Heaven and earth were made for each other.

When sin entered into the world through man’s disobedience, there came the great separation.  The connection with heaven was cut and as a result the earth and mankind have suffered death and dysfunction.  Romans 3:23 (NASB) “for all have sinned and fall short of the glory of God”  Some have suggested there was a compartment of heaven called “Abraham’s bosom” where saints of God went when they died during the time of the Old Testament.

We have a few references to heaven in the Old Testament, but nothing real detailed.  Here is one from Daniel 12:13 (NASB) “But as for you, go your way to the end; then you will enter into your rest and rise again for your allotted portion at the end of the age.”  Death was referred to as rest or sleep, making the idea of heaven very “dreamy”.  The mind-set of this time wasn’t the goal of going to heaven.  They believed that God would take care of them after death, whatever that would look like.  They simply trusted when death came that they would be raised again in the last day and judgement would follow.  God would put everything right in the end.  The emphasis was on resurrection, rescue, and reward (or judgement)!  Job 19:25-26 (NASB) “And as for me, I know that my Redeemer lives, And at the last He will take His stand on the earth.  Even after my flesh is destroyed, yet from my flesh I shall see God.”  They believed that God would come and redeem all His good creation and the victory would be here,…not there.  Heaven would one day be here again with God dwelling with man.  That is the picture we are given in Revelation 21.  It is the summing up of all things in Christ!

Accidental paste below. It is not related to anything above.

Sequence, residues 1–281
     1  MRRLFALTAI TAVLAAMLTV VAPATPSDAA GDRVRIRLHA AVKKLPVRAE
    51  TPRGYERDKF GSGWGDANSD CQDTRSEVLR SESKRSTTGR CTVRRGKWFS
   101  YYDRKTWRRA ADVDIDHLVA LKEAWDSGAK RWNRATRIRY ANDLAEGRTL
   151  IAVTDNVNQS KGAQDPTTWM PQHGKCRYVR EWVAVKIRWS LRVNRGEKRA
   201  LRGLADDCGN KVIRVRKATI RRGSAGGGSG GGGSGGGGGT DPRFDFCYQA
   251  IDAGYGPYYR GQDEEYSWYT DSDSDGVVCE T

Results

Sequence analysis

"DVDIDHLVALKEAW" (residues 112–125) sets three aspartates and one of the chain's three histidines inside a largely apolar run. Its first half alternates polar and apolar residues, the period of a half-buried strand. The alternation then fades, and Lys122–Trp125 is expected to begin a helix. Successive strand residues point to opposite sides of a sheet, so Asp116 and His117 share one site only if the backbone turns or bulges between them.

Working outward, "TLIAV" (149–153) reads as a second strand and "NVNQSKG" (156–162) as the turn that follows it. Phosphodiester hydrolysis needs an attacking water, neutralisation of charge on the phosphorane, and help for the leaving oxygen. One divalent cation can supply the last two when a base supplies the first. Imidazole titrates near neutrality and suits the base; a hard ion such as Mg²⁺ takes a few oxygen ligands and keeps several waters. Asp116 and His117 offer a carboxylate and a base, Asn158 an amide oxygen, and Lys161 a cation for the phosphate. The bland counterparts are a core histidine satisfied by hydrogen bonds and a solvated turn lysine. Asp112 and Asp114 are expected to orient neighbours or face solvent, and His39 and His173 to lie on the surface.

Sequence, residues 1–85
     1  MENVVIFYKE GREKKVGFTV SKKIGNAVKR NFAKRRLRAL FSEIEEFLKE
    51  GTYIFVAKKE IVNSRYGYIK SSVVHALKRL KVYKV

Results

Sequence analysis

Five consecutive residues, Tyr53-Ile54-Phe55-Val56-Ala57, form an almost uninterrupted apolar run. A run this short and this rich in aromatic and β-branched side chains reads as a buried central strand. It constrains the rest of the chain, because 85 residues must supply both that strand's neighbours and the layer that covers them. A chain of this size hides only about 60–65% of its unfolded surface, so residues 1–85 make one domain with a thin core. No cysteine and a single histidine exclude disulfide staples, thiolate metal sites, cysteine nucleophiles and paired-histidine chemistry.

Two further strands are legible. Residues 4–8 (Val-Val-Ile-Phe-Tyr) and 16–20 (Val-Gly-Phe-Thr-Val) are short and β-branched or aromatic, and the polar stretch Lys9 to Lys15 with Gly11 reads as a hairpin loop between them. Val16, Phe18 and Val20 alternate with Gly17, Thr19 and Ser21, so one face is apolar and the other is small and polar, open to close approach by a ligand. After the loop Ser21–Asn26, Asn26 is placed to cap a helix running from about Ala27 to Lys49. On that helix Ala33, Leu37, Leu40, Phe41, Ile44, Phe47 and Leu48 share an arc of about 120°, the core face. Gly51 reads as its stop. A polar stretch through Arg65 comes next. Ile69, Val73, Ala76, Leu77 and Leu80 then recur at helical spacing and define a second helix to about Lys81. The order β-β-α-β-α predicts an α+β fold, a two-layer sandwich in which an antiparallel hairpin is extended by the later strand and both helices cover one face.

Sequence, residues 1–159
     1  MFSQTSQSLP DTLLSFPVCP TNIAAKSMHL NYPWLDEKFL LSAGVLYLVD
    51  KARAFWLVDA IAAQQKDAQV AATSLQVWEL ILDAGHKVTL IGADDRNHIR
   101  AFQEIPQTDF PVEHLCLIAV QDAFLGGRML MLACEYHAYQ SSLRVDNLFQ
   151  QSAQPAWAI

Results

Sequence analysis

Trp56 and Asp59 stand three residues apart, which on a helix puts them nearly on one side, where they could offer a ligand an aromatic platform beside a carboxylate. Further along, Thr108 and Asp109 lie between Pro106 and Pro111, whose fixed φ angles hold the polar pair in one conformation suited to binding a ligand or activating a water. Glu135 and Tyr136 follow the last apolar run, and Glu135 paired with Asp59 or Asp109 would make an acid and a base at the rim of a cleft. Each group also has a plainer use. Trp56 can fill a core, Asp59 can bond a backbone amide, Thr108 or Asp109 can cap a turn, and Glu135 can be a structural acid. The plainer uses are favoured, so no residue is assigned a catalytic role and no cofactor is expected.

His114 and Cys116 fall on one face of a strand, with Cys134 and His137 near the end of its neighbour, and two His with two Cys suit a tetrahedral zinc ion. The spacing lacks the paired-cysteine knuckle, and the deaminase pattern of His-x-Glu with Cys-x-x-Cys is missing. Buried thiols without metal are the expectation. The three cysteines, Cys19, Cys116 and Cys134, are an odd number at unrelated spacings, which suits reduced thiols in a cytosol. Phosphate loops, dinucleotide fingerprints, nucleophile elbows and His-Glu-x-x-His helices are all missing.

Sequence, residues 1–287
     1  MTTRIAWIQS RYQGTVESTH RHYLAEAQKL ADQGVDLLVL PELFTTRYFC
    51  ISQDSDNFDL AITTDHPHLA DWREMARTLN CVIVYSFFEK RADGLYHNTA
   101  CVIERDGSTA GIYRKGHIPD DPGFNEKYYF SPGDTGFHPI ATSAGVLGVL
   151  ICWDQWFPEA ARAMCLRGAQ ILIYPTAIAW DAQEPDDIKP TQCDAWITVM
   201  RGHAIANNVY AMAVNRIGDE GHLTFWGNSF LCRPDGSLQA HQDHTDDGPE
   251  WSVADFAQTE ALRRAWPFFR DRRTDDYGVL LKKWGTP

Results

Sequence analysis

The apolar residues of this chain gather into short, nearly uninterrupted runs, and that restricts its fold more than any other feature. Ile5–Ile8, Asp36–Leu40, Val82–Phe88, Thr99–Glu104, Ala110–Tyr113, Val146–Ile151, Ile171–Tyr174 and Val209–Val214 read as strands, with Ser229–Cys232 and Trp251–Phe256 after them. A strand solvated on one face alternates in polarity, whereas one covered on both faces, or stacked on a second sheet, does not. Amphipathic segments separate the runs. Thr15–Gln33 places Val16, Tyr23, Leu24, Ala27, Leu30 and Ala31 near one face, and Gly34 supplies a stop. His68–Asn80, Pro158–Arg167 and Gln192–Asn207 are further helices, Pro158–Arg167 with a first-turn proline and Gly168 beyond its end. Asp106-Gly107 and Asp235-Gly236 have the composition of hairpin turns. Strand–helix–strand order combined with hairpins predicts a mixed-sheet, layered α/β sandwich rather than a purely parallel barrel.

I don’t think the title is exaggerated at all.  Nope, not one bit.  The most important day of all human history, without a doubt, is the day that Jesus Christ was raised from the dead.  Everything changed from that day on.  It is the pivot point of redemption.  We go from B.C. to A.D.  We go from distant promises to a kingdom now.  We go from outcasts to family.  This day punched a hole through death.  It wiped the hard-drive of sins against us. We get to enjoy eternal life with Jesus NOW!

This is the day the Lord has made; Let us rejoice and be glad in it. – Psalm 118:24 (NASB)

This is about a specific day, not some other day, or even everyday.  It speaks of one day in particular; “a day”.  What day is it talking about?  We have to look at the two verses that come before it.  “The stone which the builders rejected has become the chief corner-stone.  This is the Lord’s doing; It is marvelous in our eyes” Psalm 118:22-23 (NASB)  The day that God laid the chief corner-stone was the day we are to be glad and rejoice in.  The religious “movers and shakers” of Jesus’ day looked Him over and said,” We will take any piece of garbage over you (like a robber named Barabbas), and you can go straight to hell (crucify Him)!”  Jesus was rejected by men but hand-picked by God.  Jesus was to be the foundation and standard for all new creation.  He sets the level, the angles, and dimensions of it; that is what a corner-stone was to do.  That happened the day of Christ’s resurrection.

We shouldn’t have to hype an emotion this Easter because that’s the “Christian thing to do”.  If we don’t have rejoicing and gladness of heart over this day, it is because it isn’t marvelous in our eyes anymore.  That would be unacceptable – Christians bored with Jesus?  Really?  Maybe we need a fresh look and a new insight.  There’s an understatement.  We need to explore again our great King and triumphs until they are marvelous to us.

I pray the realities of our resurrected King and glory of His kingdom would invade your little world until it becomes, by your will and desire, a part of His greater world.  Enjoy the kingdom and get crazy with it.

Monk Tim